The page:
The education officials (journalist accounts aptly call them “LSE managers”) feel that not enough was provided by way of information by journalist John Sweeney and his colleagues.  It was claimed that, initially, the students were told only one journalist would be travelling with them. A two-man film crew duly joined them, though apparently they were only told about this on a stopover in Beijing (The Telegraph, Apr 14).  Presto, and then they were three.

Alex Peters-Day of the LSE Students’ Union is outraged.  “I think the trip was organised by the BBC as a ruse to get into North Korea and that’s disgraceful.  They have used students essentially as a human shield.”  While Peters-Day has a point, it is worrying that the students she is describing are simulating permanent imbecility.  If that was the case, then we might has well ditch the idea of consent altogether.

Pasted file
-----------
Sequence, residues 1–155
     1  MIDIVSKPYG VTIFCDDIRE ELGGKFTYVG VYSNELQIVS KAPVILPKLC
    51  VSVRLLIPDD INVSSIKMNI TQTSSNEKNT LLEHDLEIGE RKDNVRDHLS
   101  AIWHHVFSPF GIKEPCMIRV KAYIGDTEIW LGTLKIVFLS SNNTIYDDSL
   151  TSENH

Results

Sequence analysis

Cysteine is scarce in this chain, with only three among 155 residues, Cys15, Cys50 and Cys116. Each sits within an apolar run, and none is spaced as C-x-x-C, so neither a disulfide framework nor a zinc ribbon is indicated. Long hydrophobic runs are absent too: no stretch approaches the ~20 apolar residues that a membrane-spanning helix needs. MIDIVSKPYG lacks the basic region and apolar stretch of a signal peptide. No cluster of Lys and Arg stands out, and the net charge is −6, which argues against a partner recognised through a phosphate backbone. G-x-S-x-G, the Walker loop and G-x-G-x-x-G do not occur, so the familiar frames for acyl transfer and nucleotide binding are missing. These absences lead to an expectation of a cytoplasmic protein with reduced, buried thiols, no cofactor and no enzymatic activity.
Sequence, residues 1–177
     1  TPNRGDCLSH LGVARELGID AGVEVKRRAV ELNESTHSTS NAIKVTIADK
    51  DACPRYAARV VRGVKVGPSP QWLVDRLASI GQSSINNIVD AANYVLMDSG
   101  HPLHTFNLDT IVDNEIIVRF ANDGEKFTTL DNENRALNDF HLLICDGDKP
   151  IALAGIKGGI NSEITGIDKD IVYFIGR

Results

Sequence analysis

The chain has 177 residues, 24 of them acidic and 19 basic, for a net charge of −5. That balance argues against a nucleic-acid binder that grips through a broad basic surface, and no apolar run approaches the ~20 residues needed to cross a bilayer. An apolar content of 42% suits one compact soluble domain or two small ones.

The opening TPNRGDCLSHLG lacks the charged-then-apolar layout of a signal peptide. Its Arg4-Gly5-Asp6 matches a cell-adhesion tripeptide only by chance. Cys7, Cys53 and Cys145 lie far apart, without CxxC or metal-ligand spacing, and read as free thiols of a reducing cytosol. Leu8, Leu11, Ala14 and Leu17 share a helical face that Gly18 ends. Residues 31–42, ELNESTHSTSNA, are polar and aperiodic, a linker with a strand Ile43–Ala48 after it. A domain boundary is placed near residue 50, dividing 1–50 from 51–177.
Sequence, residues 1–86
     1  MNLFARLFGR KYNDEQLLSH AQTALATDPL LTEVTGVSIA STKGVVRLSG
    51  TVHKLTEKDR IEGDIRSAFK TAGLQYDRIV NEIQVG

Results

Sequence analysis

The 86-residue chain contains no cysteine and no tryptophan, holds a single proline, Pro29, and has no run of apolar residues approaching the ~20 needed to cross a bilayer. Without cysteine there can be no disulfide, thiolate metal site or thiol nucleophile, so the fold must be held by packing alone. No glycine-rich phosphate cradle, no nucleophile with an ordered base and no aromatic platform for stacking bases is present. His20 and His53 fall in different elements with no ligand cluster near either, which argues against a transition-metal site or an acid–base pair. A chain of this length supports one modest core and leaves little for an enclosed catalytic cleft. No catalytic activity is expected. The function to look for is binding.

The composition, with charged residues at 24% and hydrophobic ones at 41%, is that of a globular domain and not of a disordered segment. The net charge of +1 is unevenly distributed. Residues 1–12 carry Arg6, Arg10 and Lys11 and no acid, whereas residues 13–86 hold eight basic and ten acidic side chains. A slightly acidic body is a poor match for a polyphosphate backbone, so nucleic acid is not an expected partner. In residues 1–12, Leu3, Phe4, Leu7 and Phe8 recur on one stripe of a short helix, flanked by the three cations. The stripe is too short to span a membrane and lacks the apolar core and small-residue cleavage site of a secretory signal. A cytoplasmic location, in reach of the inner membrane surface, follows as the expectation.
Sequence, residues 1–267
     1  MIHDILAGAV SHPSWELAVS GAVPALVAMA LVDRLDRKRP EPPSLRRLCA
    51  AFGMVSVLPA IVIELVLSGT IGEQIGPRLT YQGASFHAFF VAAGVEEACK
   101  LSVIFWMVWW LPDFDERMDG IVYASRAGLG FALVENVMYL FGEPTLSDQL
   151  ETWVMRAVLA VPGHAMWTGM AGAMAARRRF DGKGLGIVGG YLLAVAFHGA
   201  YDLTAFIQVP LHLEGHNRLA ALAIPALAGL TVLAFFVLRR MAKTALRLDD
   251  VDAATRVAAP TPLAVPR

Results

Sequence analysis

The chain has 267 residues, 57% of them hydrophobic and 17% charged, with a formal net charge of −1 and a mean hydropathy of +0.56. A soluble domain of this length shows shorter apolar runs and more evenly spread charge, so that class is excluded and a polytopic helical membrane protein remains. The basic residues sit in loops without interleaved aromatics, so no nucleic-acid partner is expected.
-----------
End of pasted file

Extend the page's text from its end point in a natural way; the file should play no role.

Three students and one parent have lodged complaints about the BBC; a few have received “threatening” emails from Pyongyang, who has, in any case, been in the business of threatening everybody for sometime now.  LSE managers have been miffed that they were kept in not-so-blissful ignorance.  Some fear – like Professor George Gaskell – that the trip threatens LSE employees in “various other sensitive countries”.